Nervousness couldn't be blamed for his rough outing -- seven runs (six earned) and seven hits in four innings plus three batters in a 9-2 loss to the Cubs. It's hard to even blame Hoffman, the key prize acquired in last year's trade that sent shortstop Troy Tulowitzki to Toronto.
Hoffman -- the Rockies' No. 3 prospect -- was called up from Triple-A on Saturday, in part because of righty Tyler Chatwood's back injury and also because, as manager Walt Weiss said, "He's ready."
Hoffman breezed through the Cubs' heavy-hitting lineup first time through the order. Dexter Fowler singled to open the game but was erased on a double play, and Hoffman faced the minimum through three innings. Hoffman buckled Jorge Soler with an 84-mph slider for a strikeout to end the second, and blew a 96-mph fastball by Miguel Montero to open the third.
Bad luck was no small part of how his night began unraveling in the fourth.
Fowler singled again, and raced to third when Hoffman's low pickoff throw eluded Ryan Raburn -- making a rare start at first base. Hoffman and Kris Bryant then battled out a 10-pitch at-bat that ended with Bryant poking a fastball through a hole opened by a shift that put second baseman DJ LeMahieu on the third-base side of the infield.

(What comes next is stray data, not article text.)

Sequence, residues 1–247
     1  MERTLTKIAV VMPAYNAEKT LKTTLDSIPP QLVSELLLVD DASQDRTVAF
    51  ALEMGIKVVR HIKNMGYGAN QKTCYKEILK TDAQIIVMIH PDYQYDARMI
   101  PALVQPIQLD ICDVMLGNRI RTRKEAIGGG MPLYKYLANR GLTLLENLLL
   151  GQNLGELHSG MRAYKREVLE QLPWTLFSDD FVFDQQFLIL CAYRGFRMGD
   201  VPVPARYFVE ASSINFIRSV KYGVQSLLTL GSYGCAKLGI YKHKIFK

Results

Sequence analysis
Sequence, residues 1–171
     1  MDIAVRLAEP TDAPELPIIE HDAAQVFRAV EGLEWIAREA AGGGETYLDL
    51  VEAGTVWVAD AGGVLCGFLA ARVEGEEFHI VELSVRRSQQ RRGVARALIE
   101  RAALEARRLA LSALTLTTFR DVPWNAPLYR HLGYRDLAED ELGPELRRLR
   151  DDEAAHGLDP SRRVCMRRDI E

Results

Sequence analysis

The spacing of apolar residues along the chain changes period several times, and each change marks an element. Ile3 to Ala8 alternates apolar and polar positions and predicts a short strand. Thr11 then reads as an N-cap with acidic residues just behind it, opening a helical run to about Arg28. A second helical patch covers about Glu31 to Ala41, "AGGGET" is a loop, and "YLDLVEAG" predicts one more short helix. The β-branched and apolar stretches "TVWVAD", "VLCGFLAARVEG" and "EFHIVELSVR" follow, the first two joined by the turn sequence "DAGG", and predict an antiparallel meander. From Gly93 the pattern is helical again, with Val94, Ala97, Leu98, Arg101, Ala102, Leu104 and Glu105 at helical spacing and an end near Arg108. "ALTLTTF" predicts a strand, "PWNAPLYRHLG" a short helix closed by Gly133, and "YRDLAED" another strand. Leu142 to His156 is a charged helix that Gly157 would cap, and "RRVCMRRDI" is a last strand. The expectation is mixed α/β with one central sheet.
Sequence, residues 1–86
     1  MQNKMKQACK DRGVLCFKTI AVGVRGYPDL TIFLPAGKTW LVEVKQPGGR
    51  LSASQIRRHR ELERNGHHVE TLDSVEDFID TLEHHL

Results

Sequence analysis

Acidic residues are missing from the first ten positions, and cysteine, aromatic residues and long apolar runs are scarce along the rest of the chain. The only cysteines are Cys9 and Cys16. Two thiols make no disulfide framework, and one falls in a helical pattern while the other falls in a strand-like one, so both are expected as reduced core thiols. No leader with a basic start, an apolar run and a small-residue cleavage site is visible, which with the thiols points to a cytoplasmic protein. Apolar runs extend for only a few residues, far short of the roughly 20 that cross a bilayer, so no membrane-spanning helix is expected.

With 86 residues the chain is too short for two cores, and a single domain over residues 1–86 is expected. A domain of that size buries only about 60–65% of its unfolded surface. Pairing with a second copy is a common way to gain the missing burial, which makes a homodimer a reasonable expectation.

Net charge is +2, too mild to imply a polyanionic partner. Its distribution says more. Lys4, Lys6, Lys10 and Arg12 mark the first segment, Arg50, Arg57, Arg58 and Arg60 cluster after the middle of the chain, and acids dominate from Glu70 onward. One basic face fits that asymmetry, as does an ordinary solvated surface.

The Cubs had five hits in the fourth, three on shift-beaters along the ground. One of them was Montero's single that dribbled through the right side to drive in two runs.
In the fifth, Raburn's fielding error, a walk to Fowler and Bryant's 31st homer of the season for three runs ended Hoffman's start.
Hoffman noted that he worked down in the zone throughout, so he and catcher Nick Hundley discussed some eye-level raising strategies that can be part of his start next Friday at Washington. But of his 77 pitches, two -- Ben Zobrist's fourth-inning double and the Bryant homer -- and two Fowler singles were hit solidly. Beyond that, the Cubs found holes.
Hoffman acknowledged that some ground balls simply went where fielders weren't. But he also didn't excuse himself from trying to improve. Part is working in better counts, part is pitch selection.
"Late in the count to Bryant [on his fourth-inning single], you can't give in," Hoffman said. "I thought I threw a pretty good fastball on the outer half, but as good a hitter as he is, he shot it the other way and found a hole. Next time, maybe I go with something different. I had so much confidence in my changeup tonight; maybe I throw it and he rolls it to the other side."
Weiss said, "There's a lot to like about the kid. He showed good stuff, good poise. He's going to be a good one."